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Wednesday, December 8, 2021

South Korean Lawmaker Says Apple and Google Are Not Enforcing App Store Laws

SEOUL. Apple Inc and Google Alphabet are not doing enough to comply with South Korean law that prohibits dominant app store operators from forcing app developers to use their payment systems, the lawmaker who initiated the amendment told Reuters.

South Korea, the first country to introduce a law restricting payment policies of tech companies, is expected to release initial details of what is required to comply with the law on Wednesday, a spokesman for the Korea Communications Commission (KCC) said.

In August, he amended the Telecommunications Business Act to try to curb market dominance by large tech companies and prevent large app store operators from charging commissions on in-app purchases.

The law went into effect in September, but the details of what will count as compliance are being worked out by the KCC in an enforcement order.

Apple has told the South Korean government that it already complies with and does not need to change its nL4N2RB0QK app store policy. Google said it plans to allow third-party payment systems nL1N2RV03J in South Korea, but will cut developer service fees by only 4 percentage points when users opt for an alternative billing system.

Tech companies charge developers up to 30% of their sales for in-app transactions.

“To be honest, we’re not satisfied … Apple’s claim that it is already complying is pointless,” said MP Cho Seung-lae, who led the amendment.

“Excessive fees deny developers the chance to innovate … Parliament must be well informed as the government develops detailed rules to ensure accountability,” Joe said.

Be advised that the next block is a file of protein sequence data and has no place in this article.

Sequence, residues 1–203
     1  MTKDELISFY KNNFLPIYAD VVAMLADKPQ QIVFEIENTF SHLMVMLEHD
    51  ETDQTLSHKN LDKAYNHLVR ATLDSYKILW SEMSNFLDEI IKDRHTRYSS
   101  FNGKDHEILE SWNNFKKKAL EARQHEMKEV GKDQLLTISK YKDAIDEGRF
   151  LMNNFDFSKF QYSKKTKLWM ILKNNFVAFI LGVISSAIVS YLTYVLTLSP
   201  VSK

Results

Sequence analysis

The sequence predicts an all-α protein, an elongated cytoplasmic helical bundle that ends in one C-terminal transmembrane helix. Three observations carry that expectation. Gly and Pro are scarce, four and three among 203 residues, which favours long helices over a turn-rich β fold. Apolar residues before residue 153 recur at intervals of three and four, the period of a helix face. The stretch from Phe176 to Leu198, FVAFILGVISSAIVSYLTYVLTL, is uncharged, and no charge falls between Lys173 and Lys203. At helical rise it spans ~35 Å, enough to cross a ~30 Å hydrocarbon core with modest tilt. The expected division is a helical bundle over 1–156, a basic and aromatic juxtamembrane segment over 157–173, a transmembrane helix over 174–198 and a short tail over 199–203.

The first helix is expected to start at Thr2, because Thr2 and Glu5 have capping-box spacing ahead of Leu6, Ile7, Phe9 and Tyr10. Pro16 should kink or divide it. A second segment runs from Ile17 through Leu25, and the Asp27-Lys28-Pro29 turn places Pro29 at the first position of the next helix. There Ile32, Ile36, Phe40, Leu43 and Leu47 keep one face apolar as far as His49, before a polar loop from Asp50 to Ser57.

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Apple and Google did not immediately respond to requests for comment.

First in the world

“This is the first law in the world to give the market a chance to break the duopoly with Apple and Google,” Tim Sweeney, CEO of Epic Games, creator of Fortnite, and a high-profile critic of Apple, told Reuters.

Fortnite launched in the Apple and Google app stores last year after Epic unveiled a new payment system.

But even if Apple takes the same position as Google, introducing a commission, allowing external payments, Epic Games will not accept such a position, since Apple and Google, by charging any commission or taking control of competing payment services, “destroy the competition point.” , – he said. added.

The KCC is developing “finely woven” regulatory details for the ordinance, which will be reported to the parliamentary committee on Wednesday and put into effect by March next year, KCC vice chairman Kim Hyun said at the App Ecosystem Equity Conference on Tuesday.

However, it is unclear what the penalties will be for breaking the rules.

An early draft enforcement order seen by Reuters detailed a fine of up to “2 percent of income” as a fine for breaking the law by app market operators.

“In other jurisdictions, we’ve seen that these monetary fines don’t really deter companies like Apple and Google because it’s just a drop in the bucket for them,” said Megan DiMusio, executive director of the Coalition for App Fairness advisory group.

Joyce Lee

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